Has your doctor told you that you need an upper endoscopy, also referred to as an esophagogastroduodenoscopy (EGD)? While not a routine procedure, the EGD is useful for the diagnosis and treatment of gastrointestinal illness, as well as for monitoring chronic problems. Whether this is your first endoscopy, or you have had one before, you may have a few questions about what to expect before, during, and after your procedure. An upper endoscopy is a procedure performed by a trained doctor to visualize your upper gastrointestinal (GI) tract by passing a flexible tube with a light and a camera through the mouth or nose. The areas observed include the tube that connects your mouth to your stomach, called the esophagus, the stomach and the first part of the small intestine, called the duodenum. Most, but not all, people are sedated during the procedure, and will remember little to nothing when they wake up; and very few people have any complications. So, if you are scheduled for an upper endoscopy procedure, here is an overview of what you can expect.
Why Would I Need an Endoscopy?
There are a number of reasons your doctor might recommend an endoscopy, and most fall into three categories – diagnosis of symptoms, monitoring known illnesses, or treatment of disease. Some of the signs or symptoms that would prompt a need for an EGD include unexplained, persistent pain of the upper abdomen, especially if you are over 50 years old; persistent nausea and vomiting; unexplained anemia; frank (or hidden) blood in your vomit or stool; difficulty swallowing; or abnormal X-rays.
If you have gastroesophageal reflux disease (GERD) and have not improved with medications, your doctor will probably also want to take a look at the tissue in your GI tract. If you have a known illness such as Barrett’s esophagus or a tumor, having an endoscopy will allow your doctor the opportunity to evaluate if treatment is helping or if the disease is stable. Also, sometimes an endoscopy is needed to perform a function such as removing a foreign object that is stuck in the esophagus, or to open an esophagus that is narrow and causing swallowing problems. Be sure to talk to your doctor beforehand, so that you understand exactly why you need an endoscopy, and what his or her expectations and goals for the procedure are.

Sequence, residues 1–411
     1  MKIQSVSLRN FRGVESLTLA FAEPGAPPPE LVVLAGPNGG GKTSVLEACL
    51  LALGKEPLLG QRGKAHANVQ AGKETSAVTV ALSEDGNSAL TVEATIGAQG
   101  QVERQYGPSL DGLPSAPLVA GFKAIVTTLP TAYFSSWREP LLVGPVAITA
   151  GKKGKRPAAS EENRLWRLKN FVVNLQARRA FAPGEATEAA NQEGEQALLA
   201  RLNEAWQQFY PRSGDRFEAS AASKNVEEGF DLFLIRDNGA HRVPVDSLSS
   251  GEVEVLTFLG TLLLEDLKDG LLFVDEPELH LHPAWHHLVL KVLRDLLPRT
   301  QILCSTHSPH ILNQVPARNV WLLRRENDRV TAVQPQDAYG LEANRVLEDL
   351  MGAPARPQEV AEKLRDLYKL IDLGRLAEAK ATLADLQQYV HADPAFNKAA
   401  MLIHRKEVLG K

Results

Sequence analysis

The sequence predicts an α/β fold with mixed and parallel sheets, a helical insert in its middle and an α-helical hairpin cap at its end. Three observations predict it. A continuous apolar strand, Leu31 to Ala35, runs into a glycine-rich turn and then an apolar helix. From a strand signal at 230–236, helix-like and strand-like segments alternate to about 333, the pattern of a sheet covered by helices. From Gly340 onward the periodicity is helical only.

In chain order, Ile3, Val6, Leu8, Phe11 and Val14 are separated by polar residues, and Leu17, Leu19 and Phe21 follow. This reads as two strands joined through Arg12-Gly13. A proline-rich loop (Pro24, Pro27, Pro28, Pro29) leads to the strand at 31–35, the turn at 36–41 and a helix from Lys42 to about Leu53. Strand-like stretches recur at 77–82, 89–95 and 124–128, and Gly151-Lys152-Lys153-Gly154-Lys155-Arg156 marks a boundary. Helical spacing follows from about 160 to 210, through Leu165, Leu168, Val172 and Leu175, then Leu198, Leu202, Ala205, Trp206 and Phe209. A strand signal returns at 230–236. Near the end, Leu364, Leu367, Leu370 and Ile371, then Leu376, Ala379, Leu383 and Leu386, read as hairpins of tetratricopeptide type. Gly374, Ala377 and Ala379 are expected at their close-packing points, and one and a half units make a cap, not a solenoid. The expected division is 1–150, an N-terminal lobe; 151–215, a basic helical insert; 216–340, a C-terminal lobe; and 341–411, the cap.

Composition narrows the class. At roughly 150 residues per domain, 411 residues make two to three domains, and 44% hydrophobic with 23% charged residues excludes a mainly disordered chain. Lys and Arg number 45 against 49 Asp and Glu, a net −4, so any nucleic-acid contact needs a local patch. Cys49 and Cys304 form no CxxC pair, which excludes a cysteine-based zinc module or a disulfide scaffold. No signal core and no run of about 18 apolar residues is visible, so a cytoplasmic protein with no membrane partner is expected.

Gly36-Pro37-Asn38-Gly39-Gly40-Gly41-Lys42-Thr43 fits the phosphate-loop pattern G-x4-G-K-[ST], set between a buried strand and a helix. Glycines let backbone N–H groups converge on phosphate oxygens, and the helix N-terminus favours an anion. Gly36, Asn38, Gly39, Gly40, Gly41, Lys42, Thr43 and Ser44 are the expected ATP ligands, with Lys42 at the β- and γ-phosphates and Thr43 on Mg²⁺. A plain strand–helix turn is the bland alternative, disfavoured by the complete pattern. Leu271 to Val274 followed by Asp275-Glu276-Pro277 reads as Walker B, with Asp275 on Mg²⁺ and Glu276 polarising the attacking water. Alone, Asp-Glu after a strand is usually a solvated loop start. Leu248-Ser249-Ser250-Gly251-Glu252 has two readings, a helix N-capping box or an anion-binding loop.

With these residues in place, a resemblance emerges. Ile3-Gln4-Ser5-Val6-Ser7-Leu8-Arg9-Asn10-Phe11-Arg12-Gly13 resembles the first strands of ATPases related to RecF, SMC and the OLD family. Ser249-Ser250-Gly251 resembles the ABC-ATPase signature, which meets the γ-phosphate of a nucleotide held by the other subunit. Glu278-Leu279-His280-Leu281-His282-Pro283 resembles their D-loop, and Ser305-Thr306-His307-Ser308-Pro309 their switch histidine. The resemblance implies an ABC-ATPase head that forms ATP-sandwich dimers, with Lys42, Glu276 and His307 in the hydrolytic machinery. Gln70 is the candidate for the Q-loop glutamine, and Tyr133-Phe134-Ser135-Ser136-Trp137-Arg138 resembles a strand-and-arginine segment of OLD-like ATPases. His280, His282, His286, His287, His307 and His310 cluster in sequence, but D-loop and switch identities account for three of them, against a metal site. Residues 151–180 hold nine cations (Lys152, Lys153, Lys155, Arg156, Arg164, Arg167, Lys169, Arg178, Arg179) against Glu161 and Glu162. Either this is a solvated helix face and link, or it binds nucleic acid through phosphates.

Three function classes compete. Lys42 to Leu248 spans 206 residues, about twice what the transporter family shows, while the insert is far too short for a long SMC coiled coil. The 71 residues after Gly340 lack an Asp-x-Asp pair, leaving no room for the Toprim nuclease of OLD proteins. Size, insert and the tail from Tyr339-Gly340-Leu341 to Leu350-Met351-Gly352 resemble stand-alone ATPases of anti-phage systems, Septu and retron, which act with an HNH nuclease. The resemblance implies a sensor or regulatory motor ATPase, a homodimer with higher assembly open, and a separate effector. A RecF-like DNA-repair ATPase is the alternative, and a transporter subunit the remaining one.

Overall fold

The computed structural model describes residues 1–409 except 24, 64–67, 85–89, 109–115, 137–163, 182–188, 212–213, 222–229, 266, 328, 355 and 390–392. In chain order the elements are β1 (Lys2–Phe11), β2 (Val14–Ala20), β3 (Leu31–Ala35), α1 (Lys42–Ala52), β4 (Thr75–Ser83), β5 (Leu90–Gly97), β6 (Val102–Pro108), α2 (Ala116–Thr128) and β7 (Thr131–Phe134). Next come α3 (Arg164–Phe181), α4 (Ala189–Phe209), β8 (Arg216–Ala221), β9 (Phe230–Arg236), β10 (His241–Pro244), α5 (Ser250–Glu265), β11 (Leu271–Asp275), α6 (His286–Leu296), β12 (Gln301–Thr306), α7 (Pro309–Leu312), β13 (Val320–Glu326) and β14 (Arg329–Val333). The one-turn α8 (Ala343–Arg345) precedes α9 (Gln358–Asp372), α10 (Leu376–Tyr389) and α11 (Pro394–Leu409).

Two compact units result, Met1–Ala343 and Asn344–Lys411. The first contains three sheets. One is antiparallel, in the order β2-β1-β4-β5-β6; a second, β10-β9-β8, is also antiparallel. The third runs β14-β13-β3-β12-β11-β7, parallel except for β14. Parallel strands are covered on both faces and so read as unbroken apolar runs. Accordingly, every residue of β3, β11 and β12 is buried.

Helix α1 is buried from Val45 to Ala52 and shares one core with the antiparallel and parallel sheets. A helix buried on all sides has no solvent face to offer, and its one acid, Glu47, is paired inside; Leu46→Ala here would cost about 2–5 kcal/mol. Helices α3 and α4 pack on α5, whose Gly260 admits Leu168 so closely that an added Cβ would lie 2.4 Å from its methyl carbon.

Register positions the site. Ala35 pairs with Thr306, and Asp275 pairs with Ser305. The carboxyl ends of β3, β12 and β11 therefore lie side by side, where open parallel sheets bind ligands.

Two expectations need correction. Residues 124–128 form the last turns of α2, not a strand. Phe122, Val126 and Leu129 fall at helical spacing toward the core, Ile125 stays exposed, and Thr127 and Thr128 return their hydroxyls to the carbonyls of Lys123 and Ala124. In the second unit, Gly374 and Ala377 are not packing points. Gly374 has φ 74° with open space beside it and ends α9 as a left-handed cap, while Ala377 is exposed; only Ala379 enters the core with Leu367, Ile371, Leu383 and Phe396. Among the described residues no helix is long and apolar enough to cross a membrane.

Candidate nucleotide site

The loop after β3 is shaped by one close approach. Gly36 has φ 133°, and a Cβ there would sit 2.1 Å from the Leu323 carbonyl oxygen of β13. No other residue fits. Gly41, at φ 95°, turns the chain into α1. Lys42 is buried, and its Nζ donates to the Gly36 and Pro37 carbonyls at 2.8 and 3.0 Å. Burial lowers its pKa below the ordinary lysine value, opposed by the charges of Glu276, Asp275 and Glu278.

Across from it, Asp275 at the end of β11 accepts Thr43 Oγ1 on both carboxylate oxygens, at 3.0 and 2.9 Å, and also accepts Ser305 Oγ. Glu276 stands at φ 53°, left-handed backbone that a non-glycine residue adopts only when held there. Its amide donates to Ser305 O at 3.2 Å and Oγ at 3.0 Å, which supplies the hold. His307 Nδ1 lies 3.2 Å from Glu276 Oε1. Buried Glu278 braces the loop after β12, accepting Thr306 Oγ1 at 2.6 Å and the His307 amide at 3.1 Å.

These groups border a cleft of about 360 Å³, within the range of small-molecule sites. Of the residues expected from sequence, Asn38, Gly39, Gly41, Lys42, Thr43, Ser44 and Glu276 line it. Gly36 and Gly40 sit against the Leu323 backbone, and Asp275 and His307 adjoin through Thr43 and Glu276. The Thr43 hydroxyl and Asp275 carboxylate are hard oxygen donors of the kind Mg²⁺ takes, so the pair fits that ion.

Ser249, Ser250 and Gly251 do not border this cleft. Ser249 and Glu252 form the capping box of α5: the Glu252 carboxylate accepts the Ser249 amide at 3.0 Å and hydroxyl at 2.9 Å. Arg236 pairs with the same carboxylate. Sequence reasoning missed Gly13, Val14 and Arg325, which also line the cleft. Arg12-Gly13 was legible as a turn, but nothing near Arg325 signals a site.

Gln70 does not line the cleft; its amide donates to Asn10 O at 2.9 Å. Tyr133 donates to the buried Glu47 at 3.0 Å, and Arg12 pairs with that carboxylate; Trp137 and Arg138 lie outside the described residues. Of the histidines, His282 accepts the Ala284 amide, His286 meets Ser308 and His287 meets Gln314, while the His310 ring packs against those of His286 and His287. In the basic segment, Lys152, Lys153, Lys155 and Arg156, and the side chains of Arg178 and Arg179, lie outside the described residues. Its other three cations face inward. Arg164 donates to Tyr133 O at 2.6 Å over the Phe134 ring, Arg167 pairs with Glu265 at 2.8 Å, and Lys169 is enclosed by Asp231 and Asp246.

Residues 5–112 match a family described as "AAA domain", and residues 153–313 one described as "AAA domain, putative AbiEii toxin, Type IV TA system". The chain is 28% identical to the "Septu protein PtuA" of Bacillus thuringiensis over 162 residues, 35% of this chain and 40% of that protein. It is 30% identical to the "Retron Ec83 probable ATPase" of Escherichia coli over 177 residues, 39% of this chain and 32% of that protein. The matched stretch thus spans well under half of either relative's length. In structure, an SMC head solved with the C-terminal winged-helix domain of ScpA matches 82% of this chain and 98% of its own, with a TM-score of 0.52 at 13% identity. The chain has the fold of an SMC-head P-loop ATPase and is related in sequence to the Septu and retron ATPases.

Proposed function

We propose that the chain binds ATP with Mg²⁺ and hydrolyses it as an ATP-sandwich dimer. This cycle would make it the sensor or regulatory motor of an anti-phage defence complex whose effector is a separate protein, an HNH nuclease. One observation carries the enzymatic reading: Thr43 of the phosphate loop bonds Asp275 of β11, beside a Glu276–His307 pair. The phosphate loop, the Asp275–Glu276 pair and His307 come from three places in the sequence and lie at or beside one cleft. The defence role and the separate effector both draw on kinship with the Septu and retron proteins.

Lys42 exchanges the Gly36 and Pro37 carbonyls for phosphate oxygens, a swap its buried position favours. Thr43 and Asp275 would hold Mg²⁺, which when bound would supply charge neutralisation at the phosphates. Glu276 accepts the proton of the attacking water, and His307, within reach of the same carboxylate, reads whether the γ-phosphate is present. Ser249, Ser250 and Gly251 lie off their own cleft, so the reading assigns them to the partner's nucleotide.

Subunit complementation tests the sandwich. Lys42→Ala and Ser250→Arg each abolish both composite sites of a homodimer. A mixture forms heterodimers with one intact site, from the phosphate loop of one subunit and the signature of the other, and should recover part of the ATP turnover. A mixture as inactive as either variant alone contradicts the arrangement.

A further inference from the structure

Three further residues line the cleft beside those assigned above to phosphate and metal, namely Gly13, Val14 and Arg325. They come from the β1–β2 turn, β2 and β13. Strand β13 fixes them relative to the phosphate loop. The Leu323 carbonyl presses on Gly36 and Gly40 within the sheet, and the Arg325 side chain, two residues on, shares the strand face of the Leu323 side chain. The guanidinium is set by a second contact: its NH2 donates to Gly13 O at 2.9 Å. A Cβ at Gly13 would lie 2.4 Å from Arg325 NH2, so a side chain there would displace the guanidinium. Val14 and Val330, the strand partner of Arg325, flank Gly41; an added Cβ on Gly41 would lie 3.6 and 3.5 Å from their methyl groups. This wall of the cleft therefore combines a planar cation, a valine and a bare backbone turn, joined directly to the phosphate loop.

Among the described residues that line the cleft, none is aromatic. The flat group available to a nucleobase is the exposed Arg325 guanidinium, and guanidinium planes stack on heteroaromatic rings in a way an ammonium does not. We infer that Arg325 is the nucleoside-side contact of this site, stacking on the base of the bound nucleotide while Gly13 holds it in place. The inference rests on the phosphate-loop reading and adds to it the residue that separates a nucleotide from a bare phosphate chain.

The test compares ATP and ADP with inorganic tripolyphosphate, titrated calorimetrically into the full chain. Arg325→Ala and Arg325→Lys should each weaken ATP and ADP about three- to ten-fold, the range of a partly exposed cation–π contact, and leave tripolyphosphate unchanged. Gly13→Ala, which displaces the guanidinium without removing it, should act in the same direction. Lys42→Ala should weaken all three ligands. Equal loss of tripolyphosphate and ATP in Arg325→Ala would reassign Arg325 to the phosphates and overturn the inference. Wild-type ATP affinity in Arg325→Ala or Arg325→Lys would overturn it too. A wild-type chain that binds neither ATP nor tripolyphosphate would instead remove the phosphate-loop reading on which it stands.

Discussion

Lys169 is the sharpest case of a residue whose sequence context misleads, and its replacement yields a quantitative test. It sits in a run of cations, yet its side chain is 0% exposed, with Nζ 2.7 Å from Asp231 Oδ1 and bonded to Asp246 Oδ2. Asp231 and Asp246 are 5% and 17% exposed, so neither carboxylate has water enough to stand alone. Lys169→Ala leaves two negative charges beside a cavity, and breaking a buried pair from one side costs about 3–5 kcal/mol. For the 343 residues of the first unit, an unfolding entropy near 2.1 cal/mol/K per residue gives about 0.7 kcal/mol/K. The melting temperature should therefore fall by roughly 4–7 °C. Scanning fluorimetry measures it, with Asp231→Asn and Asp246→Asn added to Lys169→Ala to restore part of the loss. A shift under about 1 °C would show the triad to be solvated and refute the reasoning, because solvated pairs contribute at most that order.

Before the Endoscopy
There is generally no prep for you to take prior to an upper endoscopy, but your doctor will give you guidelines about what to eat or drink beforehand, and how you should take your usual medications. Generally, you will be asked to not eat or drink for 4 to 8 hours prior to the procedure. It is very important to follow this recommendation, because the procedure may need to be postponed if you don’t. You will usually be able to take your routine medications with some exceptions and changes; these should be discussed in advance with your doctor. For instance, if you take aspirin, NSAIDs (nonsteroidal anti-inflammatory drugs like ibuprofen), and certain vitamins or supplements, you may be asked to stop these for up to a week before the test.